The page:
Our Quote of the Week highlights one of the cruel realities for those who are struggling economically: that there are those who seek to exploit this struggle for their own advantage.
Sargent Shriver spoke these words in 1980 during his Address at the National Meeting of the Campaign for Human Development. He talks about how helping the poor would help all of us:
"The trick today is to convince the non-poor in the USA that they are helped when the poor are helped! And, even more important, that they are helped when they participate personally in helping the poor. Preferring the poor sustains the rich; participating with, living with the poor, ennobles the rich; creating communities of both rich and poor would fulfill our national purpose and save the country."
Shriver also makes the point that as times change, the way we deal with poverty needs to change, as well.
"Our world and our nation are currently undergoing fundamental, inevitable structural changes that will mean readjustments for all of us. And our approaches to poverty and inequality in the years ahead will have to change, too. More of the same will not work. We need, in effect, a new politics to deal with poverty -- a politics grounded not in a nostalgia for the 60's, but rather in a growing understanding of the possibilities of the 80's."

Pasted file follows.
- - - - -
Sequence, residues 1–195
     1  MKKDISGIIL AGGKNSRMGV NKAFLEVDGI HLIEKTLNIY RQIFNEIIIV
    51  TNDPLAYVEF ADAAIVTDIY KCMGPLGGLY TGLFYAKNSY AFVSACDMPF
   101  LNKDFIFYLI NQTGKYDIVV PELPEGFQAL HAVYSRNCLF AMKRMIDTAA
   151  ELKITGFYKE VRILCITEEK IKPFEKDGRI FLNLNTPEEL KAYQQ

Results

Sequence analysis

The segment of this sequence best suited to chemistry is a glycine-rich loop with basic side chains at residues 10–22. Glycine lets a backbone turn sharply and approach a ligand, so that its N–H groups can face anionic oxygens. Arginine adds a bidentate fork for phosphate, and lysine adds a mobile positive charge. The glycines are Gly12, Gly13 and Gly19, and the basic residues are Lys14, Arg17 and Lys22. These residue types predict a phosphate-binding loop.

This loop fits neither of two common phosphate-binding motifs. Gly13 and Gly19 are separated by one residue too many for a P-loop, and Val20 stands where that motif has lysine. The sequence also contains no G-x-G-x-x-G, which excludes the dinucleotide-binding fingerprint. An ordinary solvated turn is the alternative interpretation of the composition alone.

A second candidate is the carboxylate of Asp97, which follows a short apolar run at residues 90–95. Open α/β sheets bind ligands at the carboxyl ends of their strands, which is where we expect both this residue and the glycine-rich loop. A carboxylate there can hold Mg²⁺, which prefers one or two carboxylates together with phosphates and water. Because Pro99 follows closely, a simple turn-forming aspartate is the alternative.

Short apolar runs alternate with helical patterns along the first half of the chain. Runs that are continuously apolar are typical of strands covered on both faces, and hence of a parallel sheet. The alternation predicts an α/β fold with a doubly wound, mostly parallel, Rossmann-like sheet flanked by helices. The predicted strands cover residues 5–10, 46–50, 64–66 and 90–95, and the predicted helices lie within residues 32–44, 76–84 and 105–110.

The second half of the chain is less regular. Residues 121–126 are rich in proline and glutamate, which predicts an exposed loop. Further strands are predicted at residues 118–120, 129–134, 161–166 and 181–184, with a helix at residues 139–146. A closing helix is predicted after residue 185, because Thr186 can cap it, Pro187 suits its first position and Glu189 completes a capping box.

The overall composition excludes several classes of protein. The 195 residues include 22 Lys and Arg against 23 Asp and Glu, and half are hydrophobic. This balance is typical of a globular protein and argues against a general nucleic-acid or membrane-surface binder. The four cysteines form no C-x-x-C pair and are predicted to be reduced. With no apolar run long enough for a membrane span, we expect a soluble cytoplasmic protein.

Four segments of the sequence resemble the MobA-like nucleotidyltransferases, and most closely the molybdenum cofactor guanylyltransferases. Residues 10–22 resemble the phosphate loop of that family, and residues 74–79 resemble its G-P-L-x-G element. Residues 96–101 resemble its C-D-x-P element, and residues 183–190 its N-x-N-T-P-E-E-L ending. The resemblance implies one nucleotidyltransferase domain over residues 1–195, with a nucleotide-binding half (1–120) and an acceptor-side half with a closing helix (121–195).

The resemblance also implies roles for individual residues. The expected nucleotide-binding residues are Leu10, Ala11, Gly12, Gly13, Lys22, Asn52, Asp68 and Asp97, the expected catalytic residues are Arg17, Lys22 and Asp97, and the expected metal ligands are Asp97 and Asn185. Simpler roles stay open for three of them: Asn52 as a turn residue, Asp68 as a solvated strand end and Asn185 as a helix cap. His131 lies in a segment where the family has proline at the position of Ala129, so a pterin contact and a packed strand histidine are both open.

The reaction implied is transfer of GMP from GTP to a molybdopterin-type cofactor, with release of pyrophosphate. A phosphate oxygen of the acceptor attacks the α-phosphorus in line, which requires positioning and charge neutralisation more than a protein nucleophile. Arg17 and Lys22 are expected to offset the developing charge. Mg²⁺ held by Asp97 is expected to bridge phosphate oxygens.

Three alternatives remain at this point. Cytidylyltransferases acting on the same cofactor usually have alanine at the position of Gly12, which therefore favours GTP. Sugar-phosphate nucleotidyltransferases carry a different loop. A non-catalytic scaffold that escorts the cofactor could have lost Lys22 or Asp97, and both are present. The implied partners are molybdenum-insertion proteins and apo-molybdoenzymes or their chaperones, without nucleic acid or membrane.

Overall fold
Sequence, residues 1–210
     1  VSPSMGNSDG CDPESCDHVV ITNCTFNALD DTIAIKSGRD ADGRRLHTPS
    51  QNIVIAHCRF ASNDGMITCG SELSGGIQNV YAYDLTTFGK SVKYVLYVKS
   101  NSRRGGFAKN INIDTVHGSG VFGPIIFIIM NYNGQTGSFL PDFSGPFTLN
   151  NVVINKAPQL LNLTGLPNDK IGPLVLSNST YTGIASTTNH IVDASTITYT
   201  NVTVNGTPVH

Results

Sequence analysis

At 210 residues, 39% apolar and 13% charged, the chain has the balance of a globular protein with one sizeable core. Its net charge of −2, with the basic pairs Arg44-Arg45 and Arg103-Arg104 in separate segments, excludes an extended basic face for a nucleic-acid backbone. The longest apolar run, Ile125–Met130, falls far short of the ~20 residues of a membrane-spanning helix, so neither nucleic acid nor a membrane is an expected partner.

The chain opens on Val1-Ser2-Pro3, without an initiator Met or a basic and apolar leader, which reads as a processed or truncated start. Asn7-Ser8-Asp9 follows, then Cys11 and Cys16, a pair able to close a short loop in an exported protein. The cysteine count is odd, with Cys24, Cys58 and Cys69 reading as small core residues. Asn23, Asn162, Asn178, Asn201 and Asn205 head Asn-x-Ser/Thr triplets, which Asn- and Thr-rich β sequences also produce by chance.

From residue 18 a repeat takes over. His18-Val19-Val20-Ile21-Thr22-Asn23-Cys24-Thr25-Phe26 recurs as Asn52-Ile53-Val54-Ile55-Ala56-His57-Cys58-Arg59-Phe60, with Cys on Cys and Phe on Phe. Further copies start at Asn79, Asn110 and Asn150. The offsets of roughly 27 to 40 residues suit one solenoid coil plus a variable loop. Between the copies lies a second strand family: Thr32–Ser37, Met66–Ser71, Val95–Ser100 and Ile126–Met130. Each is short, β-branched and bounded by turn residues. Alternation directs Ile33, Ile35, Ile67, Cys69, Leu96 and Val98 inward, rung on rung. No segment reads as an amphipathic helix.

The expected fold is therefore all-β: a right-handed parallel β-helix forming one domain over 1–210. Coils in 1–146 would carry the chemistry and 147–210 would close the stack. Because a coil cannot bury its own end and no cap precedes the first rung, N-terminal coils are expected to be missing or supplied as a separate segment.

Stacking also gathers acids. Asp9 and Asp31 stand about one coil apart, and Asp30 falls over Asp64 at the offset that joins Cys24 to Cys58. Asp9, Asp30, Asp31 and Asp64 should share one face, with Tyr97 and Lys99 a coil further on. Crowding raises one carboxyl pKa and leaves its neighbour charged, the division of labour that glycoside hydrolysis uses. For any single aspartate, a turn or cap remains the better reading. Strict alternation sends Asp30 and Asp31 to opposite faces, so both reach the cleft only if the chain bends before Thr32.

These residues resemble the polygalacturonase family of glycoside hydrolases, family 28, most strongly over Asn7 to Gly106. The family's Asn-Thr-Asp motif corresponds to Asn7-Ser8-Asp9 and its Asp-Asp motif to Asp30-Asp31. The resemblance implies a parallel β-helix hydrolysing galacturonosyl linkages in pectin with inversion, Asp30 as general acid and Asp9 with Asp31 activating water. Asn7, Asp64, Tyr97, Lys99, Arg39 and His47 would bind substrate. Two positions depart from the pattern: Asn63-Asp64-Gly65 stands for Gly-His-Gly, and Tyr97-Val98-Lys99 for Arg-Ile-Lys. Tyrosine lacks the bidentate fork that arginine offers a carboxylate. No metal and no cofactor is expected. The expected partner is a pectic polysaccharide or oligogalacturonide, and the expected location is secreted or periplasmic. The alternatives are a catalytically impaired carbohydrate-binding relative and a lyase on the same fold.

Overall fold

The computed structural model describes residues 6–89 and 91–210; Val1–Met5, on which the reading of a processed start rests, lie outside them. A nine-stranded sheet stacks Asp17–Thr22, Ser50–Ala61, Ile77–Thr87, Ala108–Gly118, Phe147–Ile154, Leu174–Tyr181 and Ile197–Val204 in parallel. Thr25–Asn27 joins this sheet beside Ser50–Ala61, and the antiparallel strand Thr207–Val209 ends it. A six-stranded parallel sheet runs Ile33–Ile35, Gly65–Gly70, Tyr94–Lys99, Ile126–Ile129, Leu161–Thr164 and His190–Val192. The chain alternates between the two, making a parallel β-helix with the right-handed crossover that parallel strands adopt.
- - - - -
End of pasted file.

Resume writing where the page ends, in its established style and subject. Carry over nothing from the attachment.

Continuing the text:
Given his central role in shaping how the United States dealt with poverty in the 1960s, this is a powerful acknowledgment on Shriver's part. It demonstrates that he was not tied to approaches that had worked in the past, but was always seeking to find the most suitable methods to tackle challenges as complex as poverty.
After outlining some of the areas where our public policy does not do enough to help those in economic hardship -- employment, income, housing, energy, tax policy -- Shriver then makes the point in our Quote of the Week, that millions of families are "one paycheck away from significant economic hardship". To add insult to injury, Shriver points out that there are those who exploit the divide between the poor and the "non-poor".
We know the examples of those who exploit the poor all too well today: they are the opportunistic politicians who decry social programs and ignore the calls for the wealthiest to pay their fair share of taxes; the financial institutions that charge exorbitant interest rates and fees to those who can least afford them; the employers who pay workers meager wages while hiring them to take on grueling and sometimes dangerous tasks; the landlords who charge high rents for dilapidated housing. In 2023, the economic turmoil of the COVID-19 pandemic, exacerbated by the persistent inflation it has wrought, continues to impact millions of families. The latest "Economic Wellbeing of US Households" Report issued by the US Federal Reserve shows that in 2022, 63% of respondents reported that they would not be able to cover a $400 emergency expense with cash. We still have too many families who live on the verge of an economic calamity, and too many institutions who find opportunity in their distress. This reality calls for a renewed effort to combat poverty, one that includes some concrete changes to our policies and protections as well as an expansion of economic opportunity.